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LTE is 4G – Forbes

LTE is 4G – Forbes

A man reads an advertisement leaflet that promotes China Mobile’s 4G iPhone 5s on the opening day of sales of China Mobile’s 4G iPhone 5s and iPhone 5c at a shop of the world’s largest mobile phone operator in Beijing, China, Friday, Jan. 17, 2014. (AP Photo/Alexander F. Yuan)

For once there is a logic in the acronym. The standards committee for 3G is called 3GPP, or 3G Partnership Program. Its job initially was 3G standards, and explicitly not anything which might come after. Discussion on what 4G might be was distinctly out of remit. But engineers, you know. So they called what they were discussing 3G Long Term Evolution. See it’s got 3G in the name and says “Evolution” it can’t possibly be about 4G.

Except of course it was.

Where LTE improved on the radio technology of 3G’s WCDMA is that it introduced OFDM or Orthogonal Frequency-Division Multiplexing. All the previous technologies had used a single carrier frequency, it might hop around a bit but the user hopped from one frequency to another. If you think of the data stream as being a hosepipe with the previous technologies you could only have one pipe at a time. With LTE you could have multiple pipes, what’s more pipes were a bit squidgy so they overlapped in frequencies. The effect was like moving from a 2D image to a 3D one.

While the previous Gs had launched with something of a fanfare the 4G technology for the 2010s just crept into phones. It was nothing like as expensive for the networks to move from 3G to 4G as it had been to roll out the previous technologies and while the extra capacity reduced the cost of calls and megabytes it was possible to just phase it in.

LTE was all about data, it moved mobile from having a voice channel with some data attached to having voice as an application which turned your voice into data. Indeed voice was so unimportant the standards bodies forgot to include it. The view was that if you wanted to make a call you’d install Skype or some other app to do it. Ultimately the powers that be realised their mistake and introduced VoLTE or Voice over LTE. Still, if you make a call on your 4G phone today it’s most likely that it will be a 3G call. This is a shame because for all the improvements in bandwidth the sound quality has lagged behind. GSM was optimised for the German, male voice.  GSM saw some improvements over its lifetime and 3G added Wideband AMR  which some networks sold as HD Voice but generally audio quality for calls stagnated. The standards committees failed to grasp this with 4G. In part this may be down to handset design. A 4G phone has lots of radios. There are over 40 different frequencies in the LTE spec and while no phone has them all there is still a huge need for lots of space to be taken up by the antennas they need. The vast majority of 4G phones also do 3G and 2G so just being a phone takes up lots of space. Add Bluetooth, wifi, cameras with flash, GPS, tilt sensors, NFC and fingerprint scanners and there is a lot of competition for space in a phone which consumers and marketing departments want as thin as possible. Although this year’s Samsungs are actually a shade thicker than last years. So everything is a compromise. Audio often takes the back seat. Putting in a speaker which sounds as good as a landline needs a lot of space. Speakers really want a big diaphragm and space behind them to work.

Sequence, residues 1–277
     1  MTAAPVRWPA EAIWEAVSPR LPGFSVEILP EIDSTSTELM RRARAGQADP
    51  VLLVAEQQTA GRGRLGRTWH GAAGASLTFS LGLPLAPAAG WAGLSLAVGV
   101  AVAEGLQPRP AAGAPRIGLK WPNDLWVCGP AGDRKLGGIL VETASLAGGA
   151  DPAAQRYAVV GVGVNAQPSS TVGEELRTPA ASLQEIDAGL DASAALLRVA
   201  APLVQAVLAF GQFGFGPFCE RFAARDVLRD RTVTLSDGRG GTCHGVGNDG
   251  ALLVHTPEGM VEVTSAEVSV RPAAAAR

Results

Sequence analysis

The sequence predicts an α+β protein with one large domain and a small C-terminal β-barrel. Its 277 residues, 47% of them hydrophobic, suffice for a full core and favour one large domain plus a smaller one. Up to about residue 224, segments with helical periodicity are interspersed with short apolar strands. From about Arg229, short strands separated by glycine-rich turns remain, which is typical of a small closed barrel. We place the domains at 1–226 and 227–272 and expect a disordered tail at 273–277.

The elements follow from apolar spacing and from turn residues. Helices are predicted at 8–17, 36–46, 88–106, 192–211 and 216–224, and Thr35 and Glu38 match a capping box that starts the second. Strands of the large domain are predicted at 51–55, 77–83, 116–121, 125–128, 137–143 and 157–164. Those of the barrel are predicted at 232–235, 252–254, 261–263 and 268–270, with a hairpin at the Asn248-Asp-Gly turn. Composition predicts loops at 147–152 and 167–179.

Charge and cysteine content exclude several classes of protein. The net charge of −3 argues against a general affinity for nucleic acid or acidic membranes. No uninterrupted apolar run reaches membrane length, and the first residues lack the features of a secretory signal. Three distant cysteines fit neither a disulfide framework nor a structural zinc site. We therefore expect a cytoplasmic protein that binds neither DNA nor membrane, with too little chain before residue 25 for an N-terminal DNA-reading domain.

Behind the technology changes over the generations there had been big industry changes. In the 1G, 2G and 3G generations the industry had been vertically integrated. The companies which made handsets also made the chips within them and the mobile phone networks. When Orange launched it bought pretty much everything from Nokia. A Siemens network might have Siemens phones with Siemens chips in. The same was true of Ericsson, Nokia, NEC and others. Each manufacturer had it’s own software platform or platforms. Over time the companies separated out the divisions, which then were sold, merged with rivals or closed. Today the only major chipset vendors are the Chinese MediaTek and the American Qualcomm. While small specialists like nVida and Frontier exist they are really targeted at non-handset applications like ATMs, cars and industrial equipment.

There is some pioneering chip design by Apple which bought National Semiconductor, and both Huawei and Samsung have substantial chip design organisations. But even these companies buy from MediaTek and Qualcomm.

With the strength of these two companies has come homogenisation. Phones all look pretty much the same and have the same features. One of the major factors in this is that there are now only two operating systems: Android and iOS. All the others, Sailfish, Windows, Tizen, and the one which created the smartphone – Symbian – have fallen by the wayside.

The dominant handset manufacturers of 4G have been Samsung and Apple. As phones have become something everyone has the value of brand has overtaken innovation. Each year when new phones are launched the improvements are only incremental. Reviewers pretty much always say it’s not worth upgrading from last year’s model, but it is worth moving from the year before. With two-year contracts being the norm we’ve seen replacement rates tumble. Whence people got a new phone every nine months it’s now every 24. You tend to be either and odd model number or even model number person.

4G really saw the change from phones as phones to phones as computers. In the analogy where I’ve see 1G as being like vinyl records, 2G as CD and 3G as DVD, 4G is Blu-Ray. Not a huge change but that is to come. We’ll look at 5G tomorrow.

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